References of "Delhez, Eric"
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See detailA modified TVD scheme for the advection of two or more variables with consideration for their sum
Mercier, Christophe ULg; Delhez, Eric ULg

in Ocean Dynamics (2010), 60

Total variation diminishing (TVD) advection schemes are known to produce results that are free from some of the numerical artifacts (no overshooting, no spurious oscillation, small diffusion) that can ... [more ▼]

Total variation diminishing (TVD) advection schemes are known to produce results that are free from some of the numerical artifacts (no overshooting, no spurious oscillation, small diffusion) that can spoil the physical significance of the results. When two or more tracers are advected separately using a TVD scheme, the sum of these variables can however exhibit some inappropriate behaviors. The total variation of the sum will not necessarily be non- increasing and local artificial oscillations and extrema can appear. We show that these can be avoided with only minor perturbations of the original solution by adjusting the slope limiters used for the different variables. If the sum of these variables has some physical significance, for instance as refinement of a larger model compartment, the correction procedure introduced in this paper should be used to ensure a physically meaningful solution. [less ▲]

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See detailResidence time and exposure time of sinking phytoplankton in the euphotic layer
Delhez, Eric ULg; Deleersnijder, Eric

in Journal of Theoretical Biology (2010), 262

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See detailReally TVD advection schemes for the depth-integrated transport equation
Mercier, Christophe ULg; Delhez, Eric ULg

in Ocean Modelling (2010), 33

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See detailReally TVD advection schemes for shelf seas
Mercier, Christophe ULg; Delhez, Eric ULg

Conference (2010)

During the last decade large efforts have been devoted to the development of high-resolution schemes to solve advection problems. High-resolution conservative numerical schemes satisfying conservative ... [more ▼]

During the last decade large efforts have been devoted to the development of high-resolution schemes to solve advection problems. High-resolution conservative numerical schemes satisfying conservative, monotonicity preserving and shock-capturing properties are nowadays widely used in ocean modeling. Among these, TVD schemes, based on the concept of Total Variation Diminishing (TVD), were progressively adopted because of their good behavior that guarantees a solution free from numerical artifacts (no overshooting, no spurious oscillation, small diffusion) that can spoil the physical significance of the results. Most of the TVD schemes and associated limiters have been originally developed in idealized one-dimensional flows described by a linear advection. In finite volume marine models, one has however often to deal with the depth integrated advection equation. This formulation is usually preferred because of its conservative form that is particularly suited to numerical treatment using a finite volume approach. Conservative numerical schemes can be easily formulated to ensure that the total mass of the advected quantity is conserved. This property is very valuable in the context of environmental studies for which a strict equilibrium of the mass budget of pollutants is often more relevant that the raw accuracy of the integration scheme. In the same context, the numerical scheme should also produce neither new local extremum nor negative concentrations, i.e. it should be monotonicity preserving which is implied by the TVD property. The development of TVD schemes for the resolution of advection equations written in the conservative form is however not trivial. Numerical experiments show that the blind application to the depth-integrated equation of the usual TVD schemes and associated flux limiters introduced in the context of linear advection can lead to non-TVD solutions in presence of complex geometries. Spatial and/or temporal variations of the local bathymetry can indeed break the TVD property of the usual schemes. Really TVD schemes can be recovered by taking into account the local depth and its variations in the formulation of the flux limiters. Using this approach, a generalized superbee limiter is introduced and validated. [less ▲]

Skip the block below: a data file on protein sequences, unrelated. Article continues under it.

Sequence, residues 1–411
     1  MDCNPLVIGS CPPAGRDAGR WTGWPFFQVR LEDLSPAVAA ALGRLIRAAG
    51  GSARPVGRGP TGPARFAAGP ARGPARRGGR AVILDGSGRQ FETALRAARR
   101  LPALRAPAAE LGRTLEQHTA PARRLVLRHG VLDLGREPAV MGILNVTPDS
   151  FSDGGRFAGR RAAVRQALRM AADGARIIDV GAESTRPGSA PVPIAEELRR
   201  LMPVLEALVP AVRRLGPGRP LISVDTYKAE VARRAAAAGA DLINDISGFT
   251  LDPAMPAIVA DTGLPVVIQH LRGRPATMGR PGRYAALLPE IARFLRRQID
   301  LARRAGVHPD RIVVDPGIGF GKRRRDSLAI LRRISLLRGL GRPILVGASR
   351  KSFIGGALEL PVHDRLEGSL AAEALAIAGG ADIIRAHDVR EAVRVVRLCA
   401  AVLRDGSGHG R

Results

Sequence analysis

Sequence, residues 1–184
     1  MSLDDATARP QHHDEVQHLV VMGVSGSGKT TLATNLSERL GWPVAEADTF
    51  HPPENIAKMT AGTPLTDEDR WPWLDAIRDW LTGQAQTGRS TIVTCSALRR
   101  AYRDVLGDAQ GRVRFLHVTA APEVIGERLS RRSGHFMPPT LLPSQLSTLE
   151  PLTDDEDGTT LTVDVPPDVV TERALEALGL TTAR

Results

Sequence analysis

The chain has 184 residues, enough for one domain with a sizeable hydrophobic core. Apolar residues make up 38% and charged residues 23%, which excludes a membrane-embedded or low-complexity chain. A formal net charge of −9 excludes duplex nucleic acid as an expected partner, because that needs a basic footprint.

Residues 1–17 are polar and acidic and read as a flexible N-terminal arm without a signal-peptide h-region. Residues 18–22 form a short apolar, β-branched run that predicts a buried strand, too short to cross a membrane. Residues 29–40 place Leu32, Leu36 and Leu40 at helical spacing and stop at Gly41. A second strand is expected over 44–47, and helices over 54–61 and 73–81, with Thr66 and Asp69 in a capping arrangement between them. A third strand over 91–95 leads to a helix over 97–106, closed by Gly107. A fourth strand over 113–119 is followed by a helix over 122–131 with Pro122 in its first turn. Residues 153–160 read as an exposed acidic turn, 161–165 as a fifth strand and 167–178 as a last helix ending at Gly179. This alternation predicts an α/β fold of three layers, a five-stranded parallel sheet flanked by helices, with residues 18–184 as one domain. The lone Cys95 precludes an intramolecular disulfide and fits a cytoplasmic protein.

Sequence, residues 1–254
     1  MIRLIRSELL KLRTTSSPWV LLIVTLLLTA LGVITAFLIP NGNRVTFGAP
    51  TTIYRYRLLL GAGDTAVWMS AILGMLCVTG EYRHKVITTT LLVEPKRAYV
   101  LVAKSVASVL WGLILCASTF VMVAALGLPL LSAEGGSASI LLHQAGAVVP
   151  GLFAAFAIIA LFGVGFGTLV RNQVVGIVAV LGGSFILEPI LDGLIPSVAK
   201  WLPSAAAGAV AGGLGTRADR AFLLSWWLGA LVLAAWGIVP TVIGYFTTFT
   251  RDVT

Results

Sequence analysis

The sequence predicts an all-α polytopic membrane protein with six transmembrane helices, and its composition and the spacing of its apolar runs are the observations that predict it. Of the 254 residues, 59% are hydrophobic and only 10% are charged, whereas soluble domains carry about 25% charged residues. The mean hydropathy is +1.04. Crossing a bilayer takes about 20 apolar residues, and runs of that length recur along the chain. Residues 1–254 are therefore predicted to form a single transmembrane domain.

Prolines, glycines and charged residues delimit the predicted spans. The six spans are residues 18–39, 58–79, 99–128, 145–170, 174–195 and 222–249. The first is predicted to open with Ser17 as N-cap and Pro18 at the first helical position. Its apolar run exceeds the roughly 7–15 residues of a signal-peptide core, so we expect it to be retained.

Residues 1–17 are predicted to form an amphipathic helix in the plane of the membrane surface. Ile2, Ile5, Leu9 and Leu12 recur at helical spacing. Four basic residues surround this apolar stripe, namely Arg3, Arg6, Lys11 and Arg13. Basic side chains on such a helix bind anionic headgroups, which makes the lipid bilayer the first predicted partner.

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See detailAge and the time lag method
Delhez, Eric ULg; Deleersnijder, Eric

in Continental Shelf Research (2008), 28(8), 1057-1067

The time lag method is one of the most straightforward methods used to estimate transit times from experimental data and is therefore widely used. The transit time between two points is estimated from the ... [more ▼]

The time lag method is one of the most straightforward methods used to estimate transit times from experimental data and is therefore widely used. The transit time between two points is estimated from the analysis of time series taken at these two points that suggest the propagation of a signal from one point to the other. To account for the distortion of the signal during its propagation between the two points an optimum time lag can be estimated by the analysis of the cross-correlation of the two time series. This study clarifies the relation between the transit time estimated by the time lag method and the well-defined concept of the age of a water mass. It is shown, through simplified process models, that the time lag method systematically underestimates the true mean age. The error can be quantified by means of a dimensionless parameter which is the inverse of a Peclet number based on a characteristic length given by the ratio of the velocity of the flow to the frequency of the signal. (c) 2008 Elsevier Ltd. All rights reserved. [less ▲]